What the Fed's interest rate hike means for mortgages

What the Fed’s interest rate hike means for mortgages

The rapid rise in mortgage rates means home buyers will need to pay significantly more for a home loan compared to even just eight months ago.

In November, a 30-year fixed-rate mortgage, the most popular home loan product, was barely 3 percent. As the rate approaches 6 percent, the added cost to a 30-year mortgage is hundreds of thousands of dollars.

A jump in rates from 3 to 6 percent causes the lifetime cost of a standard 30-year fixed-rate mortgage to increase by more than half the price of the home’s price at sale.

For a $250,000 home, the mortgage would cost $128,000 more over 30 years. That translates to a monthly mortgage bill that is $356 higher. For a home purchased at $750,000, homeowners would pay $1,067 more.

This week, mortgage rates had their biggest one-week jump in decades. The 30-year fixed-rate mortgage now stands at 5.78 percent, a level not seen since 2008, according to data released by Freddie Mac.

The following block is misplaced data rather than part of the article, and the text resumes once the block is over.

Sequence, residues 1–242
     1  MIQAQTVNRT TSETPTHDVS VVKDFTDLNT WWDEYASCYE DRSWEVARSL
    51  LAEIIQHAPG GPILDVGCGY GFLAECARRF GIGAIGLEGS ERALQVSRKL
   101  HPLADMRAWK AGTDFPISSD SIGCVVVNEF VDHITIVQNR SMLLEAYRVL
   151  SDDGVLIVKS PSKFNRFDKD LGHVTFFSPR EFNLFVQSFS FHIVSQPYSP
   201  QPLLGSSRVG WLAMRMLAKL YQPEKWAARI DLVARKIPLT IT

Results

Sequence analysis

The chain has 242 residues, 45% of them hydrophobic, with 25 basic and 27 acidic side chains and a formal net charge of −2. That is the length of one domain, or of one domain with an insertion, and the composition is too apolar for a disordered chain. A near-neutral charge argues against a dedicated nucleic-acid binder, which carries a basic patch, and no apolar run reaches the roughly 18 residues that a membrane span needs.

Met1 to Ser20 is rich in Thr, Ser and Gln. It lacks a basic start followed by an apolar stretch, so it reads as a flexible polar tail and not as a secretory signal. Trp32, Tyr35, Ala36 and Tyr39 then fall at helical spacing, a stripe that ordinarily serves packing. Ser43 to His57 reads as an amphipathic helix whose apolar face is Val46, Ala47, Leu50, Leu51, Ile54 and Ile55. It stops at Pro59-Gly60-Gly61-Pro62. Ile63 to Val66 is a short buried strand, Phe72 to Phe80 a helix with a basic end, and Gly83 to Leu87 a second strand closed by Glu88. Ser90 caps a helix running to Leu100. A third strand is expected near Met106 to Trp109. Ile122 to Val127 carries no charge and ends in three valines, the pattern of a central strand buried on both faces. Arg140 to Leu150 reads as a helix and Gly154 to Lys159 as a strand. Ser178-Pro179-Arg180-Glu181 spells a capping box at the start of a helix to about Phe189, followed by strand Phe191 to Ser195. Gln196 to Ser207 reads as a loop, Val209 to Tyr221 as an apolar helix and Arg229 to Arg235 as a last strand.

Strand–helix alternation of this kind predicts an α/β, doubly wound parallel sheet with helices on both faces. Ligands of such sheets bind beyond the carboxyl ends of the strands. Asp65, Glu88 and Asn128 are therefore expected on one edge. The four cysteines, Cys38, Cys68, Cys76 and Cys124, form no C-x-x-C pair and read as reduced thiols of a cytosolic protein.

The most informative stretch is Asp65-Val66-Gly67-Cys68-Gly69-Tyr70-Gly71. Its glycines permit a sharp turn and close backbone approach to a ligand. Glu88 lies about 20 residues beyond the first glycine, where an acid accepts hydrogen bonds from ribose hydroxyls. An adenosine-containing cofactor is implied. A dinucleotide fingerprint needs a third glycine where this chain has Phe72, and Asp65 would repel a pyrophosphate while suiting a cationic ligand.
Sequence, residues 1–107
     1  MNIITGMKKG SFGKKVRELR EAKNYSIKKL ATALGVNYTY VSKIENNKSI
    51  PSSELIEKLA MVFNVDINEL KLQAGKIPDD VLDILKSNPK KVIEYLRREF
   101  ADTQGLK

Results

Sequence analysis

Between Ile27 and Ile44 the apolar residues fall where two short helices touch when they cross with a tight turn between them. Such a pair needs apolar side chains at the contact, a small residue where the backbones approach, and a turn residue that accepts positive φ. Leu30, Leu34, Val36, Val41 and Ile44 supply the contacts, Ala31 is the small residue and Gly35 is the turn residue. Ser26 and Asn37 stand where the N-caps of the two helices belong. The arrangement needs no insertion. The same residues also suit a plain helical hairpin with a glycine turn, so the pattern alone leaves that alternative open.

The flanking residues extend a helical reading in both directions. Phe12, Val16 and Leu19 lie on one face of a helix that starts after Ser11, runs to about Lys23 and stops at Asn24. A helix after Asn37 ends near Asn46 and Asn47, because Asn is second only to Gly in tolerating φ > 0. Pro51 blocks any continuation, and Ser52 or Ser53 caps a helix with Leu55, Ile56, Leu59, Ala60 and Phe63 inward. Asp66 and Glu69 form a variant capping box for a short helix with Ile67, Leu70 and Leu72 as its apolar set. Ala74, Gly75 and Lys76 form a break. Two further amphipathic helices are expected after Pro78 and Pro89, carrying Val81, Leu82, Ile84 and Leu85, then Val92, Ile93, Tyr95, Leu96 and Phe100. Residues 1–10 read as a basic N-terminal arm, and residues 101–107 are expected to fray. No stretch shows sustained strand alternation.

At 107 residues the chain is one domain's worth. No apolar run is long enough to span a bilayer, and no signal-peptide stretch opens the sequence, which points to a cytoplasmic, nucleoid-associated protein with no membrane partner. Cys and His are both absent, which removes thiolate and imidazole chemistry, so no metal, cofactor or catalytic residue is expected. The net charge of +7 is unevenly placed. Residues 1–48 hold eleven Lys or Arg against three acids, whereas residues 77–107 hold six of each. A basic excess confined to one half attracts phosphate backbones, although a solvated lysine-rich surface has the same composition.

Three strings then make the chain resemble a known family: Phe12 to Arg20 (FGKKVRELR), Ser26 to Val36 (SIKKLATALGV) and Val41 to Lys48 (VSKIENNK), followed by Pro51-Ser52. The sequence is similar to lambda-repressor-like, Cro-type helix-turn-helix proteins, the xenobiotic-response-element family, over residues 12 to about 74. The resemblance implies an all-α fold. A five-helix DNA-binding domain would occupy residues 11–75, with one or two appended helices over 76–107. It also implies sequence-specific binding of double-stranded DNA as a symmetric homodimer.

Higher rates can be a major factor in deciding whether to buy a home and signs of a cooling housing market were already apparent this year. While Realtor.com originally forecast a 6.6 percent increase in home sales this year, the real estate listing website recently downgraded its projection to a 6.7 percent decrease in 2022 compared with the prior year.

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